The Temptation to Moderate on Social Media
Since COVID-19 there has been a 41% increase in public media records, according to our Archive of over 300 million records. And with this accelerated rate of content, you would think that there’d be a higher rate of staff to manage it, right? Wrong. In fact, our State of Social Media Report revealed the opposite with 55% of respondents having a team of one or two to handle all communications.
With this increasing volume and intensity of dialog, it can be tempting for public officials to moderate their social media platforms. In fact, “I’ve had it” moments are at an all time high with the frequency of “competing messages and stakeholder agendas, inaccurate information and rumors, critics and trolls, and team fatigue,” said Carter.
Social Media Content Moderation Defined
Carter highlighted the three main types of moderation covered:
- Deleting: The act of removing a user’s comment(s) from your social media accounts. Once deleted, no other user can see or access the content.
- Hiding: Blocking a user’s content from showing up on your page without outright deleting it, no notification or other indication is sent to the person who posted the comment.
- Blocking: Restricting certain users’ access to social media accounts, which are otherwise open to the public at large. Once blocked, users cannot access or comment on your social media.
The Legality Issues
In all 50 states, social media is a public record, and most public record laws include all communications regardless of physical form. “The interesting thing about public record law is that in almost every instance, the authors wrote the laws to be future proofed. They are designed to focus on content over format. Whether that format is your facebook page,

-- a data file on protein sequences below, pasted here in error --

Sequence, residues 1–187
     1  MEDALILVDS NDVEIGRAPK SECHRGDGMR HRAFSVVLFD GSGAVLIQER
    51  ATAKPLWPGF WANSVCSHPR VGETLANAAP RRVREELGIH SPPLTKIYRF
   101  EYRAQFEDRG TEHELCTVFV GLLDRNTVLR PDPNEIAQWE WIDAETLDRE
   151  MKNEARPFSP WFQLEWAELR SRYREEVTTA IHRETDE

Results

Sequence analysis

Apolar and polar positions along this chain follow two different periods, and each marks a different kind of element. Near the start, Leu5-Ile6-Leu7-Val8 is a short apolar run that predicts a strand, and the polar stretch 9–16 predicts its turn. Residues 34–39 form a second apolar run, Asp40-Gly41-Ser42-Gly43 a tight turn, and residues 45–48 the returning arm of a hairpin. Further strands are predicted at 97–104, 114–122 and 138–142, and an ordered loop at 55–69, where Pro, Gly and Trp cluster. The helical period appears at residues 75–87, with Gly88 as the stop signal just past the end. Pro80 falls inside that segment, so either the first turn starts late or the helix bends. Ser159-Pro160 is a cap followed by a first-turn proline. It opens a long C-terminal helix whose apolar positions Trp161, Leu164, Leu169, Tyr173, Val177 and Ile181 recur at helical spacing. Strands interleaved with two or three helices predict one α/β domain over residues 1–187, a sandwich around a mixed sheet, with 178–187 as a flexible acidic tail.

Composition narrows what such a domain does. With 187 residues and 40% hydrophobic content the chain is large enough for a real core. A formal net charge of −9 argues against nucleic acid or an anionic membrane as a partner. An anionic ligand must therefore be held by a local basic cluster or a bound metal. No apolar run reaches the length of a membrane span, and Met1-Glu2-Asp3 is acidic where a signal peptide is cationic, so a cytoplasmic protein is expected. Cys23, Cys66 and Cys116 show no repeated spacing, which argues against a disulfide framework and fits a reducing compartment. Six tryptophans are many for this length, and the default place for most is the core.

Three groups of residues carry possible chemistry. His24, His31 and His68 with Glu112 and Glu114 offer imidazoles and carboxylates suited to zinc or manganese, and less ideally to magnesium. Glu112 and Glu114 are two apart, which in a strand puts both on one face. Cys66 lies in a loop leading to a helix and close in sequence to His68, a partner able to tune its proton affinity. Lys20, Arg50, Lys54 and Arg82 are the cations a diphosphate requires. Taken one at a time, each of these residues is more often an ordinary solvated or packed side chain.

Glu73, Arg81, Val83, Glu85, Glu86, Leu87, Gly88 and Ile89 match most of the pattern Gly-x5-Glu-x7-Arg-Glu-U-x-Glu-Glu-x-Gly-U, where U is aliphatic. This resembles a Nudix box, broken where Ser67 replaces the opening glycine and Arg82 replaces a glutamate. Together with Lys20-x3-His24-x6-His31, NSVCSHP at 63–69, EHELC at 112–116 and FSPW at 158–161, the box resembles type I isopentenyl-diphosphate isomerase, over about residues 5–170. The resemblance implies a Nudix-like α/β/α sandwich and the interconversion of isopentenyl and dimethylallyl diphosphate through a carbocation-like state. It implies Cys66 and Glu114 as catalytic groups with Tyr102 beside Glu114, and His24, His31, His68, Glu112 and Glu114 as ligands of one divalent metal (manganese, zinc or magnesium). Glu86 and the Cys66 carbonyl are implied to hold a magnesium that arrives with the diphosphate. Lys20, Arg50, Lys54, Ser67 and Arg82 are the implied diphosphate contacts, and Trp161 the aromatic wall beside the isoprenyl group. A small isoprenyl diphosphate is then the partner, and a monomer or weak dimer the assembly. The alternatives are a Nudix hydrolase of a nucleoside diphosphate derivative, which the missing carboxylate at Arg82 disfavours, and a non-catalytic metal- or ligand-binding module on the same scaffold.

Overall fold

a carrier pigeon or a town crier – they are all viewed as equal in the eyes of public record law,” said Carter.
In the past, case law around social media and First Amendment rights hasn’t been clear due to social media platforms being private companies not subject to public record law, but now case law is evolving. An increasing trend now establishes agency social media pages or platforms as a public forum, with the caveat that some cases are being labeled “limited” public forums, which does give a bit more moderation freedom compared to traditional forums.
Consequences of Comment Moderation
It’s no surprise that public officials are tempted to moderate certain comments and posts, but the risks associated with these reactions without a policy in place or legal justification “can lead to a litany of consequences, all rooted in bad press, financial surprise and both personal and team impact,” said Carter. The consequences of unjustified social content moderation can include:
- Lawsuit against your agency
- Lawsuit against you as an individual
- Lawsuit against both you and your agency
- Erosion of public trust
- Increased ongoing scrutiny
- Potential state constitution violation and fines
- Added stress to you and your team
To put this into perspective, in the last 18 months there have been over 60 lawsuits and claims across the US against local public agencies. That’s one of your peers facing a lawsuit or claim due to unjust online comment moderation almost once per week.
What Social Media Content You Can Moderate
It’s not all bad though. There are certain categories of content on social media that are not entitled to full protection under the First Amendment. These include:
- Direct threats
- Intellectual property or copyrights
- Inciting illegal acts
Carter emphasized the difference between an opinion and defamation, citing an example that “mayor bob went to prison” is much different than “mayor bob is a crook”. He went on to explain that commercial speech is subject to different treatment under the law, and can be excluded from a government page. These safer areas include:
- Commercial solicitation/advertisements
- Personally identifiable information (P.I.I.)
- Cyber bullying